For years, I wasn’t really into reading. I figured … why read about people who do cool stuff when I could just go out and do cool stuff myself? Hence, for a long time I’ve labeled myself “traveler” but not “reader.”
I’ve warmed up to books, though.
Because traveling and reading have more in common than I used to think. They are both ways to see the world through others’ perspectives.
That’s why my new favorite genre of books is Travel. I love travel books, and here are my favorites. (At least for now. I am in the middle of reading a travel book, so the list is ever-changing.)
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My 5 Favorite Travel Books
1. “A Walk in the Woods” – Bill Bryson
My senior year of college, I took an elective course called “The Appalachian Trail,” and “A Walk in the Woods” was one of my reading assignments. Best assigned reading ever!
Bryson, a middle-aged, overweight man, attempts to thru-hike the Appalachian Trail with his eccentric, even more out of shape, friend named Katz. (Let’s be honest, Katz is absolutely the best part of this book. Thank God he signed up for this trip with Bryson.)
For those of you who don’t know, the Appalachian Trail is a trail that is over 2,000 miles long and passes through 14 states along the East Coast. And yes, two old guys with minimal-to-no backpacking experience attempt to hike the entire thing. It’s glorious.
My favorite part about Bryson’s books is his realistic, borderline pessimistic, view on traveling. There are entire chapters devoted to worrying about being killed by bears and to bitching about how much backpacking sucks. Thankfully, the book is a comedy goldmine, otherwise this material could be depressing.
His writing style reflects my attitude about travel. It often sucks to the point of being hilarious. And that’s what makes traveling great.
“I have long known that it is part of God’s plan for me to spend a little time with each of the most stupid people on earth, and Mary Ellen was proof that even in the Appalachian woods I would not be spared. It became evident that she was a rarity.”
Oh, man. I know I said Katz is the best character, but Mary Ellen is a close second.
2. “On the Road” – Jack Kerouac
I have mixed feelings about “On the Road”.
On one hand, it’s a classic. And for good reasons. Kerouac’s narrative is so authentic. He explores how travel is both a cure for his loneliness and an enabler for his loneliness. And holy moly, isn’t that true?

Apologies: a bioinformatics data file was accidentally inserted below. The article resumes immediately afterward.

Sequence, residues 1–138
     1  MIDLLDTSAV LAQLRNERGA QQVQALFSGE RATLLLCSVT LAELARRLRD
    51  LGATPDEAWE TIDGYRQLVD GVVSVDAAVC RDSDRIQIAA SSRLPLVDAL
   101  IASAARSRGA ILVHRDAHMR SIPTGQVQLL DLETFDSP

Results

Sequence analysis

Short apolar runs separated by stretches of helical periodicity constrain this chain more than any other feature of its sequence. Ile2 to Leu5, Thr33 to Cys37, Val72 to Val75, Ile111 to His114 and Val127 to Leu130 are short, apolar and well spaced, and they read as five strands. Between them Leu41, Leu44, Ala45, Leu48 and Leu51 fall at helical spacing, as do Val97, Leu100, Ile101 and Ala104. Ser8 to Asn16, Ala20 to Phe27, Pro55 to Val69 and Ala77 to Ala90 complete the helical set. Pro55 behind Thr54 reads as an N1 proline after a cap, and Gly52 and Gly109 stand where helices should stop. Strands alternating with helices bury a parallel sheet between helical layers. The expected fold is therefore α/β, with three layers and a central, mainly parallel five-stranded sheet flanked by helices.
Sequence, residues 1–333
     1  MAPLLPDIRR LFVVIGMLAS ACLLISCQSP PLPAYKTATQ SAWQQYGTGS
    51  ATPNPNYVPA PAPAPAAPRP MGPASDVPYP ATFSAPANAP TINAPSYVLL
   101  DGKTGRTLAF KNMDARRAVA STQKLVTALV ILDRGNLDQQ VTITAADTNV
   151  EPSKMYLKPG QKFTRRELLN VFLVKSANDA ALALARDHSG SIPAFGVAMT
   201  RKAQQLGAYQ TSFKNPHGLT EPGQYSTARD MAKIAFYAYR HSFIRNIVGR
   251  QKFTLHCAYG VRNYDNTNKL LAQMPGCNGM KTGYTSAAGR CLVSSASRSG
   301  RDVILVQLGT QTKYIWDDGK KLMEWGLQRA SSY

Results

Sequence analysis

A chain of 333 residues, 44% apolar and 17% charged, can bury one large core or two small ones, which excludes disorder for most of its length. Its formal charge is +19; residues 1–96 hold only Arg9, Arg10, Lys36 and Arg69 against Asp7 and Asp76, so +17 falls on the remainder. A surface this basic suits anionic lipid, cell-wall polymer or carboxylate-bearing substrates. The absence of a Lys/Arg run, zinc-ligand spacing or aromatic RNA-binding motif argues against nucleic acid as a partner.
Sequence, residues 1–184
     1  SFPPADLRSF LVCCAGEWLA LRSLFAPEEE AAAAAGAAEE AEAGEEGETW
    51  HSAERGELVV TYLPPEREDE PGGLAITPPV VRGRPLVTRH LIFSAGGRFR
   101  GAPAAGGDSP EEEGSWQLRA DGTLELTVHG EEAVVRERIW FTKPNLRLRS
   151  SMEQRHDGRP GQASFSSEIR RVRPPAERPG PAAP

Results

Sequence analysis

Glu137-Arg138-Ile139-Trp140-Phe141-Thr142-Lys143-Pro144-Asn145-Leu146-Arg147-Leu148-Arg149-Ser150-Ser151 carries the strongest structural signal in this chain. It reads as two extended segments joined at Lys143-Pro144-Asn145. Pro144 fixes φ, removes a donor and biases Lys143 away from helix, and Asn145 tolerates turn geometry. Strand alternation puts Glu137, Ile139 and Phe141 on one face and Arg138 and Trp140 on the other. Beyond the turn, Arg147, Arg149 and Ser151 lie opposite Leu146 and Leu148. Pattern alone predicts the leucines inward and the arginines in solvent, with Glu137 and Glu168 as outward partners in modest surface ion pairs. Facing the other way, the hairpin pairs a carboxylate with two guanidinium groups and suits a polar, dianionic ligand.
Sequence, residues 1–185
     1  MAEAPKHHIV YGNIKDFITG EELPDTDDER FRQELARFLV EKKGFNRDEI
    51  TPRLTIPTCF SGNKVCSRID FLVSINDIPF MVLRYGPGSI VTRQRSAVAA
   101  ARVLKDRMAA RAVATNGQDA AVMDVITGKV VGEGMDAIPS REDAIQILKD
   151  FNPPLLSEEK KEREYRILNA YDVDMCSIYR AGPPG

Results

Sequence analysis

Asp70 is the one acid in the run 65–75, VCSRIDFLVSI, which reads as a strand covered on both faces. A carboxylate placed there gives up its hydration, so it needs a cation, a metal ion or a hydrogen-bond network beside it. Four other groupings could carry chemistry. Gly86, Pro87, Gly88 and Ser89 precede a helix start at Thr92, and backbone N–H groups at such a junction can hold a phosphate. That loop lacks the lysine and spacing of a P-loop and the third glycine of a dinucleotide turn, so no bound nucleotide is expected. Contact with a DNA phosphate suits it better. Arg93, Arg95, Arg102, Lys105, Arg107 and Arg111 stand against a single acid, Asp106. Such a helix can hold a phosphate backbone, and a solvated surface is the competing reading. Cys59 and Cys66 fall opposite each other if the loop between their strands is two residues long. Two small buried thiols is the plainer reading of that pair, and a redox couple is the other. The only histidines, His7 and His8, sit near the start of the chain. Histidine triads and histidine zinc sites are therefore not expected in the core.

Also, the book is full of fantastic quotes and one-liners that I just want to stencil onto my bedroom wall.
On the other hand, his writing style is a little too stream-of-consciousness for my taste. But that certainly doesn’t detain most readers. Some people would say that this style is their favorite part of Kerouac as an author.
“Our battered suitcases were piled on the sidewalk again; we had longer ways to go. But no matter, the road is life.”
Amen. That’s how I feel all the time.
3. “Eat Pray Love” – Elizabeth Gilbert
Yes, I recently wrote a blog post about all my thoughts, both good and bad, on “Eat Pray Love.”
You can check out that blog post for my full thoughts. But just let me say that it’s worth the read. This book and #5 on the list are wonderful for female travelers who need a little encouragement.
“The Bhagavad Gita–that ancient Indian Yogic text–says that it is better to live your own destiny imperfectly than to live an imitation of somebody else’s life with perfection.”
4. “Hap Working the World” – Hap Cameron
I have never met anyone else who has read “Hap Working the World.” But I freaking love it.
I stumbled upon the hardback when I lived in New Zealand and was roaming the Wellington City Library on my break from work. It’s possible that the reason I’ve never seen it anywhere else is because the writer and protagonist is from New Zealand.
Hap Cameron is a kiwi gent who makes it his goal to work on every continent in the world before he turns 30. Yes, including Antarctica.
He faces several trials on this voyage, from his Korean girlfriend telling him that he’s knocked her up, to literally not being able to find a job in Antarctica at all.
I think I love this book so much because his goal sounds exactly like one I would set for myself. It’s a hoot.
I have no quote to post, because there are none posted on the Internet. (I told you, the book is not very well-known!) I left the book at the Wellington City Library and my notebook with my favorite quotes somewhere in New Zealand. Sorry.
5. “Wild” – Cheryl Strayed
Another hiking book. But Strayed’s writing style and story in “Wild” are immensely different than Bryson’s in “A Walk in the Woods.”
Maybe you’ve seen the movie with Reese Weatherspoon. Or maybe you’ve seen Gilmore Girls: A Year in the Life, with way too much camera time devoted to arguing over whether the movie or the book is better.
Duh, the book is better.
Which should say something, because most people I know adored the film.
Strayed spends three months hiking the Pacific Crest Trail on the West Coast as a way to recover from her mother’s death. Well, not just her mother’s death. She also wants to recover from her drug abuse, unhealthy relationships, failed marriage, and collapse of her family as a result of her mother’s death.
This book is hella emotional. But also inspirational. And empowering for female solo travelers. And I must say, Strayed is just a damn good writer.
“I knew that if I allowed fear to overtake me, my journey was doomed. Fear, to a great extent, is born of a story we tell ourselves, and so I chose to tell myself a different story from the one women are told. I decided I was safe. I was strong. I was brave. Nothing could vanquish me.”
That quote gives me chills.